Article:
Study Investigates Link Between Social Competency
> 3/25/2008 11:29:25 AM

When a child or teen struggles with the symptoms of depression or anxiety, their social interactions and peer relationships may also be adversely affected, and difficulty with peer acceptance and forming friendships can result. Conversely, in a recent longitudinal study, a team of researchers from the University of Vermont and the University of Minnesota have demonstrated that problems with social interactions could be contributing factors in the development of depression and anxiety.

The study, published in the current issue of the journal Child Development, used data from the longitudinal Project Competence study, an investigation of competence and resiliency in over 200 children recruited from an urban school district. The subjects, who were 8 through 12 years of age at the study's start, were interviewed 7, 10, and 20 years after an initial assessment. They were tested on measures of internalizing symptoms, which include the symptoms of depression, anxiety, and social withdrawal. Additionally, the researchers used the subjects' interviews as well as reports from parents and teachers to examine the subjects' social tendencies and their ability to form relationships.

In considering how social competence and internalizing symptoms influence each other, the researchers found that for many of the subjects, these factors remained stable over time. Those who scored high on measures of social competency in childhood retained their social skills throughout adolescence and into adulthood. Children who struggled with anxiety of depression, on the other hand, had a higher risk of experiencing these same internalizing problems as teens and as adults. Additionally, the researchers found that subjects who had had low scores on measures of social competence as children were also more likely to struggle with internalizing problems as they aged. These results remained significant even when the researchers controlled for other factors that could have been involved, including intelligence, social class, and behavioral problems like lying, stealing, and fighting. Their findings support previous studies in which researchers have demonstrated that negative social experiences can be predictive of depression and anxiety.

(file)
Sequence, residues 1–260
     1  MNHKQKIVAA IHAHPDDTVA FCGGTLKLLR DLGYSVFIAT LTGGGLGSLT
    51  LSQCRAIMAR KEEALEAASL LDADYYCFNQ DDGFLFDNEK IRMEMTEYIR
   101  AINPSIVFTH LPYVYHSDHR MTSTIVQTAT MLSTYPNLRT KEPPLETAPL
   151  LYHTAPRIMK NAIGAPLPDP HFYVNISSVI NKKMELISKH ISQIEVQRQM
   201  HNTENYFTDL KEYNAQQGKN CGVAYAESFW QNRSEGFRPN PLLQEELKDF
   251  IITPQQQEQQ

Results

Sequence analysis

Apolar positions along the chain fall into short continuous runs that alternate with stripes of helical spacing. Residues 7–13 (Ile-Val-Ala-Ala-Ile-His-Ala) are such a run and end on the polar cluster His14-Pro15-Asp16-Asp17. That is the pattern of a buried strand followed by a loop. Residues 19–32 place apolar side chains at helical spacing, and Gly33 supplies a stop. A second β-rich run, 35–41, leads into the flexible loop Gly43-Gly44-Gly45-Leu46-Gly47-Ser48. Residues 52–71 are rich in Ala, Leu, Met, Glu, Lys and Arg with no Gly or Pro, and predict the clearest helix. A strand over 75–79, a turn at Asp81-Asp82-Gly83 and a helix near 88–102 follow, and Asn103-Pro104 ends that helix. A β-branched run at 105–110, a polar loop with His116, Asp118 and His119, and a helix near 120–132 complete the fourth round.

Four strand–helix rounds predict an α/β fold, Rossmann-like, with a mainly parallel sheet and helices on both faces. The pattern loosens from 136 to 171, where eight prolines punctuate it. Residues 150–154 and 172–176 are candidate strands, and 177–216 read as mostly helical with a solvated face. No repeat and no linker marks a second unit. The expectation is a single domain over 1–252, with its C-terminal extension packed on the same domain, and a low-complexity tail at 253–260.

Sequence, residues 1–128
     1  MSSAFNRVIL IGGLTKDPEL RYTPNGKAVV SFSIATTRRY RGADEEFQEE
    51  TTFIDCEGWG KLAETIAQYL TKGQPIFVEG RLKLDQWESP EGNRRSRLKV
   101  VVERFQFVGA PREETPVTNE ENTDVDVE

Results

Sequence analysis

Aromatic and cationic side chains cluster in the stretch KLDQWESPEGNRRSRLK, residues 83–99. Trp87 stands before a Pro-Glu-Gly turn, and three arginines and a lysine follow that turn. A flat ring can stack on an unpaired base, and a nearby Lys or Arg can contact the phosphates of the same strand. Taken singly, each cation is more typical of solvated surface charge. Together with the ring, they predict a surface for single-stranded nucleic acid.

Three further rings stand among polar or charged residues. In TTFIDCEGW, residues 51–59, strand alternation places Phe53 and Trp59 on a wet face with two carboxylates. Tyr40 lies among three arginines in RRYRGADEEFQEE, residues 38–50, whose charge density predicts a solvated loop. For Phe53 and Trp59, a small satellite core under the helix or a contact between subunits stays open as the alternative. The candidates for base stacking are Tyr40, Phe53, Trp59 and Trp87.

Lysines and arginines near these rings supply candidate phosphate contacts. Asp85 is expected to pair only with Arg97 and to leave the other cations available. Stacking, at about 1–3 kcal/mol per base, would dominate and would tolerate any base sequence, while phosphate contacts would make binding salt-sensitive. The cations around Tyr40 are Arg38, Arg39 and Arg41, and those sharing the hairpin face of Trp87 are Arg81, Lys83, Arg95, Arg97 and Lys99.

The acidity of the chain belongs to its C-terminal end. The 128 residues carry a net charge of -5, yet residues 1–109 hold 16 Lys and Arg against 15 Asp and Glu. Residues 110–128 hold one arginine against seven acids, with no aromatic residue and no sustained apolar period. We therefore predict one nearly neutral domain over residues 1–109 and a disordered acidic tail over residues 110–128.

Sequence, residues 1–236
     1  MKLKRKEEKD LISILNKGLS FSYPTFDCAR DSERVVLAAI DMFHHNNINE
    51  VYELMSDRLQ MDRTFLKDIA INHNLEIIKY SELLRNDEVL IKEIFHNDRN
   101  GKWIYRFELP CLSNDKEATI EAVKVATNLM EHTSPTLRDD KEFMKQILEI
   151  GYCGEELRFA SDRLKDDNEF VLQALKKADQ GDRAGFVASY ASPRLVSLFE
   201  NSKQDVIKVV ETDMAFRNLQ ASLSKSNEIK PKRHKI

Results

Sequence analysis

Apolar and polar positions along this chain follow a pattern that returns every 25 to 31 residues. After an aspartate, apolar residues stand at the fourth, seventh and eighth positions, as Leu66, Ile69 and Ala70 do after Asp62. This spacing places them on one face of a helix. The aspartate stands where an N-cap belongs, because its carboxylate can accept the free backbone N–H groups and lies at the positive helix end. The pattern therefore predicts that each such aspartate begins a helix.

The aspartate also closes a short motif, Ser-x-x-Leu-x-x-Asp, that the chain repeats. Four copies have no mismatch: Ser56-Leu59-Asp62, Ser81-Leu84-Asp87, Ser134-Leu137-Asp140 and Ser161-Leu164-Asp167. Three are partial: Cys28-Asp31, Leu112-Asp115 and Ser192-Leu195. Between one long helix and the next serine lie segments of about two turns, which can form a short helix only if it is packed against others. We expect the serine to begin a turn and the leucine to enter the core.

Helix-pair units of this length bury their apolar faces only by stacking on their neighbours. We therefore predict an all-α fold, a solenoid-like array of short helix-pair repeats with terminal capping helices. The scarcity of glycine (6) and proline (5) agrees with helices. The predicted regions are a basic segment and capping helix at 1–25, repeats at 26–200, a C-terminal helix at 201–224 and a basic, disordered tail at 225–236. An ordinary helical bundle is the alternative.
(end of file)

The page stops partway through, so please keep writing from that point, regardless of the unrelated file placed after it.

The relationship between internalizing symptoms and social interaction is complex, but in summarizing their results, the researchers of this current study explain that social interactions can greatly impact a child's mental well-being, and this influence may be especially potent during the transitional years that lead from adolescence to adulthood. Still, depression and anxiety could result from the interplay of multiple factors, and while social problems may partially explain some cases of depression or anxiety, these internalizing symptoms could also fuel the individual's social problems. The researchers point out that identifying those students who are at risk for depression or anxiety because of difficulties with social interactions could be beneficial. Programs specifically designed to help students develop positive relationships could help reduce symptoms of depression and anxiety in some students and may prevent future problems.

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